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10th century

10th century: c. 900 - c. 1000  

Reference type:
Timeline
Current Version:
2012
With the end of iconoclasm, the screen between the nave and the altar sanctuary becomes covered in icons in Orthodox churches
11th century

11th century: c. 1000 - 1100  

Reference type:
Timeline
Current Version:
2012
Iceland's parliament, the althing, passes a resolution that everyone on the island is to be baptized
12th century

12th century: c. 1100 - c. 1200  

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Current Version:
2012
The Assassins, a sect of Nizari Ismailis, begin to acquire strongholds in Persia
13th century

13th century: c. 1200 - c. 1300  

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Current Version:
2012
The new Christian doctrine of Transubstantiation prompts rumours that the Jews desecrate the consecrated Host
14th century

14th century: c. 1300 - c. 1400  

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Current Version:
2012
Flying buttresses are a striking new structural feature on the exterior of Gothic cathedrals
15th century

15th century: c. 1400 - c. 1500  

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Current Version:
2012
Guilds of singers and song-writers develop in German towns, calling themselves Meistersinger, or master singers
16th century

16th century: c. 1500 - 1600  

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Current Version:
2012
The people of Benin begin a lasting tradition of sculpture in brass, melted down from objects brought by traders
1st century CE

1st century CE: c. 10 BCE - c. 100  

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2012
The period of stability achieved during the reign of Augustus Caesar has been given the name Pax Romana ('Roman peace')
2nd century

2nd century: c. 100 - c. 200  

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2012
A naturalistic style of Buddhist sculpture develops in the Gandhara region, part of modern Pakistan
3rd century

3rd century: c. 200 - c. 300  

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2012
The potato is cultivated in the Peruvian Andes
4th century

4th century: c. 300 - c. 400  

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Current Version:
2012
Horses strong enough to carry men wearing armour are put to good use by northern barbarians, and by Romans in border regions such as Dacia
5th century

5th century: c. 400 - c. 500  

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2012
Niall of the Nine Hostages is the first man to be called king of Ireland, though his direct control does not extend beyond Ulster
6th century

6th century: c. 500 - c. 600  

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2012
The Czechs are the most powerful of the various Slav tribes by now settled in Bohemia
7th century

7th century: c. 600 - c. 700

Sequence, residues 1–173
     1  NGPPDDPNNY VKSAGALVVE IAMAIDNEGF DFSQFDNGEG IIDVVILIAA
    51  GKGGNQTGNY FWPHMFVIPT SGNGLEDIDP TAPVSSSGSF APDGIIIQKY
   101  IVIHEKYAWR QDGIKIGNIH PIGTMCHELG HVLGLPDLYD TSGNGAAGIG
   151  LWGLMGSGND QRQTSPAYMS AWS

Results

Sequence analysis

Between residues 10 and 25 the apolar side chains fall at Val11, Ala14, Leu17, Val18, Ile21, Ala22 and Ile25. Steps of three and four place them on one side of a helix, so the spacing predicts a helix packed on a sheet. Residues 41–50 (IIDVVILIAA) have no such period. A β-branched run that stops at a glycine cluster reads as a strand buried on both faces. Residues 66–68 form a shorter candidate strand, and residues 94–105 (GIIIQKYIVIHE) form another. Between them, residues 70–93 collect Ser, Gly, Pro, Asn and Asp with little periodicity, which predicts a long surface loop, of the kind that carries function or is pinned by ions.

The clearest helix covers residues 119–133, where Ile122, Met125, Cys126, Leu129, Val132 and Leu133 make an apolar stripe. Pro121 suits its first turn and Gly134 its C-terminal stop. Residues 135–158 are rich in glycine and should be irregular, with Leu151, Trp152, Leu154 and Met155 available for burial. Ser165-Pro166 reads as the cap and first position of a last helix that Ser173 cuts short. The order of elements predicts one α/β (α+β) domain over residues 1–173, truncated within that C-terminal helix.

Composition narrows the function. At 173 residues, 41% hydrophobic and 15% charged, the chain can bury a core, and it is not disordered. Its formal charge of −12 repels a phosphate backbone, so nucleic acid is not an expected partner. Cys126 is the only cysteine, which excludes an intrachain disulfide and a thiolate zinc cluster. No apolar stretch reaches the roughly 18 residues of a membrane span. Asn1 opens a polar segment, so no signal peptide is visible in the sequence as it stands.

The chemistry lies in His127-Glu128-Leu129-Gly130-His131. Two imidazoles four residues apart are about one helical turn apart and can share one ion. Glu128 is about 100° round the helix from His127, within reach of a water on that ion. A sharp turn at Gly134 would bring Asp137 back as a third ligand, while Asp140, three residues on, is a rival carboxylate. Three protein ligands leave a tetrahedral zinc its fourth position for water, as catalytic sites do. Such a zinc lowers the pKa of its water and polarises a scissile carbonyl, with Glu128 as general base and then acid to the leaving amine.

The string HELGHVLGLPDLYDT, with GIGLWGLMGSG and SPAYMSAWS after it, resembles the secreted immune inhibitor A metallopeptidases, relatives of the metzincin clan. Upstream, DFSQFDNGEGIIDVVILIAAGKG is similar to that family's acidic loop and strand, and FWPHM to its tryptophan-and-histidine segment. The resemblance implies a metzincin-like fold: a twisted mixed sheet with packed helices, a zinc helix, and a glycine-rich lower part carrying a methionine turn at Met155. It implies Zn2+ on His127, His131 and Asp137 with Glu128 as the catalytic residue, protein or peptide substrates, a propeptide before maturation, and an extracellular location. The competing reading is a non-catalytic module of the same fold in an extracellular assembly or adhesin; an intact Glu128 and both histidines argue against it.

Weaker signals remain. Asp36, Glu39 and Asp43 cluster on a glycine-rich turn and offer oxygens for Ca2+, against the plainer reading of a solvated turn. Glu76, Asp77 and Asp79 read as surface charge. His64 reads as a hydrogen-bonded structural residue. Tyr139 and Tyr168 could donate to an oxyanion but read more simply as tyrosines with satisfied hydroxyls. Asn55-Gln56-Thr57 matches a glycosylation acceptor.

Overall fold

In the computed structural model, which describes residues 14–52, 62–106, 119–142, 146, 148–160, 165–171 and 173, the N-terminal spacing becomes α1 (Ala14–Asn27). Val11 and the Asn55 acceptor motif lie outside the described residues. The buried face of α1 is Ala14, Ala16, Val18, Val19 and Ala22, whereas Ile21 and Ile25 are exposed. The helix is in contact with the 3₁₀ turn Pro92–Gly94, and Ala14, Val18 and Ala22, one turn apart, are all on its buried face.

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2012
Ritual intoning of the psalms, derived from Jewish synagogues, is formalized in Christian worship as Gregorian chant
8th century

8th century: c. 700 - 800  

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2012
Shortage of manpower in the Muslim armies causes a change of policy, with non-Arabs now allowed to convert to Islam
9th century

9th century: c. 800 - c. 900  

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2012
The use of zero, essential in practical mathematics, is now familiar in India and is adopted in Baghdad
Aachen

Aachen  

(town, palace) West central German town, known for its hot springs. Aachen’s significance is linked to Charlemagne, who created a Carolingian palace complex there, where he was buried. Successive ...
Aachen

Aachen   Reference library

The Grove Encyclopedia of Medieval Art and Architecture

Reference type:
Subject Reference
Current Version:
2013
Subject:
Art & Architecture, History, Early history (500 CE to 1500)
Length:
3,315 words
Illustration(s):
3

City in Nordrhein-Westfalia, Germany. It was the birthplace and residence of Charlemagne, ruler of the Frankish Kingdom, and remained associated

Aachen

Aachen   Reference library

Encyclopedia of the Middle Ages

Reference type:
Subject Reference
Current Version:
2005
Subject:
History, Early history (500 CE to 1500)
Length:
477 words
Illustration(s):
1

Aachen (Aix-la-Chapelle) is situated to the north of the Eifel massif. Its hot springs were known to the Romans, who

Aachen

Aachen   Reference library

The Oxford Dictionary of the Middle Ages

Reference type:
Subject Reference
Current Version:
2010
Subject:
History, Early history (500 CE to 1500)
Length:
110 words
Illustration(s):
1

(town, palace) West central German town, known for its hot springs. Aachen’s significance is linked to *Charlemagne, who created

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